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The Quiet Rescue
Have you ever observed a diver in distress on the surface? You may remember the classic signs - No air in the BC, mask on the forehead, mouthpiece missing from the mouth, the head just barely above the water, no buddy present, and not one sound uttered. What did you do?
Master divers should know, and Rescue divers better know, that being prepared to conduct a rescue is as important as recognizing problems and the techniques used to resolve them. Preparation includes "Global Awareness", proper equipment, a predetermined and agreed upon emergency plan and a "Chain of Command." We are also aware that the most common problems requiring rescues occur on the surface and involve anxious divers who are having difficulty breathing and haven't established proper buoyancy.
Our reaction usually involves implementation of an emergency plan and getting to the distressed diver as quickly as possible without overexertion. Upon arrival, we know establishing buoyancy is our most important goal. We are also aware that by the time we arrive, the distressed diver is on the verge of or is experiencing panic. Did we attempt to attract the distressed diver's attention before making contact? Since this is standard operating procedure, have we bothered to learn why?
Unfortunately, some rescues of this nature seem
to be noisy, confusing affairs with lots of shouting and running
amok. It's amazing how an emergency situation can create
instant hearing loss in bystanders as well as
participants. Why else would someone be shouting at the
top of his/her lungs exhortations like, "You call for help!" or,
"you, put your equipment on and follow me!" and "Hey, you out
there, RELAX, DROP YOUR WEIGHT BELT AND INFLATE YOUR BC!" These
type of commands have their place, and can certainly be useful
in getting someone's attention. But consider this
When the diver is in distress on the verge of panic, does the rescuer really need the victim's attention in the first place?
The "quiet rescuer" considers the distressed diver's point of view. If we could interview a "rescued diver" immediately, we would learn several interesting things: 1) The diver didn't hear, much less understand, one single word. 2) He/she didn't signal for help early enough for fear of attracting attention and experiencing embarrassment and 3) thought that the question "Are you O.K." absolutely ludicrous.
Let's go back to the point when a diver in
distress is identified, and consider the "quiet rescue"
technique. You may be in the water or on the boat or shore
when you recognize a problem situation. First and
foremost, remain calm and act quickly and with purpose.
Avoid shouting! As you approach the distressed diver, try
utilizing the following rescue sequence:
1. As you draw near the distressed diver, distract the diver from the predicament by staying within his/her field of vision and talking to him/her in a conversational tone. What we say is of little importance, (the diver can't hear or understand you anyway), as how we project a calm, friendly and sympathetic tone.
2. Move in and touch the distressed diver immediately! Human contact in stressful situation has an immediate calming effect. Contact must be gentle but firm. You can gauge the effectiveness of your rescue efforts by "feeling" for a reduction in muscle tenseness. If you remember to establish personal buoyancy during the approach, you can share it with the anxious diver and meet the goal of establishing the victim's buoyancy. Note: This technique is for anxious, distressed or troubled divers. Not for panicked divers - Panicked divers will grasp at anything they can get there hands on and may grab the rescuer - in this case remain negative and come up underneath the victim and inflate their BC first, then yours. If the victim grabs on to you and "fights" with you, you can always descend. The victim will let go - the last place the victim wants to go is down!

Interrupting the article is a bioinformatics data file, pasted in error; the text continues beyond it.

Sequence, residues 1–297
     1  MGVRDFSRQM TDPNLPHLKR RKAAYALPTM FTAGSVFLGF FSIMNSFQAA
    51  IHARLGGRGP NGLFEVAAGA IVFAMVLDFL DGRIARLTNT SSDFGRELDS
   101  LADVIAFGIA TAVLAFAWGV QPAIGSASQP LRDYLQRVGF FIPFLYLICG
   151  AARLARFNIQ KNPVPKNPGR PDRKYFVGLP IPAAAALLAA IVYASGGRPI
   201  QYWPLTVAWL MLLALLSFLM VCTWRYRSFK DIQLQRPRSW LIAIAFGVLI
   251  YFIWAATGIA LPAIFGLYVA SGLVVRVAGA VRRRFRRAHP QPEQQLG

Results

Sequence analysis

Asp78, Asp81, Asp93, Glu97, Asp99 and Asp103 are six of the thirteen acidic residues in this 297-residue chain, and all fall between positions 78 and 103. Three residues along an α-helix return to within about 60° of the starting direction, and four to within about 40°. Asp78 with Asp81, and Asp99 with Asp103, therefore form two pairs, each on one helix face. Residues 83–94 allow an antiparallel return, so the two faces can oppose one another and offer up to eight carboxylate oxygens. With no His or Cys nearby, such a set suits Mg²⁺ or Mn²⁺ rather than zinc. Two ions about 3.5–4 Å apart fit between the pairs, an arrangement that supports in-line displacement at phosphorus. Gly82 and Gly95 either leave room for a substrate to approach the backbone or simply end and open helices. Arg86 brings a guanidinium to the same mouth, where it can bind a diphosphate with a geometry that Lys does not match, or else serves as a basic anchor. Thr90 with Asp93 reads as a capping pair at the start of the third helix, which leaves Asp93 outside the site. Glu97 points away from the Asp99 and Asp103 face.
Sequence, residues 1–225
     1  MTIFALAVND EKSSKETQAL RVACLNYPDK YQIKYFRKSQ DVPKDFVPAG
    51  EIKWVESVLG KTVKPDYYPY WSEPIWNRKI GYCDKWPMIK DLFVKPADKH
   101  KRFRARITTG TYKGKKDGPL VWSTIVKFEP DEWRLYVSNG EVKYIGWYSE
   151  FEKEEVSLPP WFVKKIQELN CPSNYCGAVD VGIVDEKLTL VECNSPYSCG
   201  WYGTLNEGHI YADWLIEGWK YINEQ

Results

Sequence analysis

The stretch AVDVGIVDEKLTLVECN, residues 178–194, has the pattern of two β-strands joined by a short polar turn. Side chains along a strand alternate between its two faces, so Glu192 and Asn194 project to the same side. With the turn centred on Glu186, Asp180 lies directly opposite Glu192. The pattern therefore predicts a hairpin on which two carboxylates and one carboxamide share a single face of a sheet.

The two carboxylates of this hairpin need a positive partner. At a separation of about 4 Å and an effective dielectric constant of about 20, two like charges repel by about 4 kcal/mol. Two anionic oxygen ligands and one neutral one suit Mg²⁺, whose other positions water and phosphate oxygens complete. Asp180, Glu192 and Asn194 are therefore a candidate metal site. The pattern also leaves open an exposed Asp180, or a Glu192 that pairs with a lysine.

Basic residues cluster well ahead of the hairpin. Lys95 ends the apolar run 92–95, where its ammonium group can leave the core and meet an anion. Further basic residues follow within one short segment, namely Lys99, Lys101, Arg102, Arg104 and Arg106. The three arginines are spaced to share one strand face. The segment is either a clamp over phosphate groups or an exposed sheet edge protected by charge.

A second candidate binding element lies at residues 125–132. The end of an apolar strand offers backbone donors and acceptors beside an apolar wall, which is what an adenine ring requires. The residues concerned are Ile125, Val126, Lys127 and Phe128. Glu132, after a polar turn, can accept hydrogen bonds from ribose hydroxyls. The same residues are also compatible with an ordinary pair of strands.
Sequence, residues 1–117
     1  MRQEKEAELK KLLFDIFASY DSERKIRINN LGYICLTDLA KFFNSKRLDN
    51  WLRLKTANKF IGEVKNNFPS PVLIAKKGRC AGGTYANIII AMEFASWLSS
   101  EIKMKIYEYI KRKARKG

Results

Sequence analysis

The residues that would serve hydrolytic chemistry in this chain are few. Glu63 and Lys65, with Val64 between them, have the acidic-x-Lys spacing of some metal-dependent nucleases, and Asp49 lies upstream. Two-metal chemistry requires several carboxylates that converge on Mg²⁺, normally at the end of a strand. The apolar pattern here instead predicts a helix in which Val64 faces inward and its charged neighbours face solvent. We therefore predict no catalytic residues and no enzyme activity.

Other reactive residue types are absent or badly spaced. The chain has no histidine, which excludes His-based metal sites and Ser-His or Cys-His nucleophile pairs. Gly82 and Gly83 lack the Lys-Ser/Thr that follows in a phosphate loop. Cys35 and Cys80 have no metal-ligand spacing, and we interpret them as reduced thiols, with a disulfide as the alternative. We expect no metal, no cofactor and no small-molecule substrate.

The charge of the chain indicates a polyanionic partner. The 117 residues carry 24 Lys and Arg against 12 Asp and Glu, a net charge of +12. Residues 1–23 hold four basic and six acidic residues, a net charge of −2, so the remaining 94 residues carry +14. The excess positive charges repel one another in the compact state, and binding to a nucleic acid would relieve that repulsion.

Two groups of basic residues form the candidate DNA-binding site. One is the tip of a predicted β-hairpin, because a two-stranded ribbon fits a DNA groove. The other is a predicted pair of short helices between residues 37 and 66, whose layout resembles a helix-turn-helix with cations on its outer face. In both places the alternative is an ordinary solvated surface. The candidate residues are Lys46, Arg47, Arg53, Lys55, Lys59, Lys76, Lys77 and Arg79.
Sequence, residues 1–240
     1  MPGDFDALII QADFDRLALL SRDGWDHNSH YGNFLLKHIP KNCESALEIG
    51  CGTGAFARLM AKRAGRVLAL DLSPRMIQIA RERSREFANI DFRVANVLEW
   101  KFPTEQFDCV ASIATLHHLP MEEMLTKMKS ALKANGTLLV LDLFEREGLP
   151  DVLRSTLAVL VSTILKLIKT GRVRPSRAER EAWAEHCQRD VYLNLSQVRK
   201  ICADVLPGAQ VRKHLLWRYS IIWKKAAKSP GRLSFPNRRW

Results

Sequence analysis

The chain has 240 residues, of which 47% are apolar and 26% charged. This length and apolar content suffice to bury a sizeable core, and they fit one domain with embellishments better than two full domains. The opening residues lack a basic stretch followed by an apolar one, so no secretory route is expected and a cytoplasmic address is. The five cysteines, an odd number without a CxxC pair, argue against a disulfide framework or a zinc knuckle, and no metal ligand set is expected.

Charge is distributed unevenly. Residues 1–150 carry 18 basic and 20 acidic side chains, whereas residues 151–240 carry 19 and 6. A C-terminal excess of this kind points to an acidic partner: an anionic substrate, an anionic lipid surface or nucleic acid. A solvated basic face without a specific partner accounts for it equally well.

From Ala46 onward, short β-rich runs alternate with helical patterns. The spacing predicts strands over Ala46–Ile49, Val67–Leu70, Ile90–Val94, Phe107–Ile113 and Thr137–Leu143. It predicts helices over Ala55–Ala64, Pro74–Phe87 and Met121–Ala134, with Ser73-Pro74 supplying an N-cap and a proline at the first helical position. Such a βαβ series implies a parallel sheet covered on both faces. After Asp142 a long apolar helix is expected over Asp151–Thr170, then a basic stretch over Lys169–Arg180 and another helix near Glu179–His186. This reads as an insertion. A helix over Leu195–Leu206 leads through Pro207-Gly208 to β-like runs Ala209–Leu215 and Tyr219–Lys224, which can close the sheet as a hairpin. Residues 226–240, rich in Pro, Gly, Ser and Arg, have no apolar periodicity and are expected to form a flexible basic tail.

3. Now that you have the diver's attention,
it is time to say something meaningful and useful. At this
point there is a much better chance of comprehension. Talk
to the diver using reassuring phrases. ("You are fine",
"Relax, I've got you", "No problem, just relax." All while
ditching the weight belt or whatever the situation
warrants. The goal is to make this seem natural and
unobtrusive - like no big deal - you've done this before and you
know what you are doing - the distressed diver is in "good
4. As you talk to the diver, give simple instructions designed to get his/her breathing under control - "Breathe slow and deep". You may even want to demonstrate proper breathing by exaggerating your own - "Breathe with me - In... & Out....In....& Out........." The new goal is to establish proper breathing and have the diver relax and "submit" to your efforts. Patience is a virtue in this instance. It takes time to calm a diver emerging from near panic. If there is time available, use it. Begin a leisurely swim back to the boat or shore.
5. Don't ask the diver to explain "what happened". Sometimes the diver will try to justify to the rescuer "why" it happened. Don't discuss this with the diver in the water. You can say something like, "let's talk about it on the boat".
A casual observer may never know that a rescue has occurred. With the quiet rescue technique, we may not look like "heroes" - but we will have acted in a professional, responsible manner that is the hallmark of a scuba diver.
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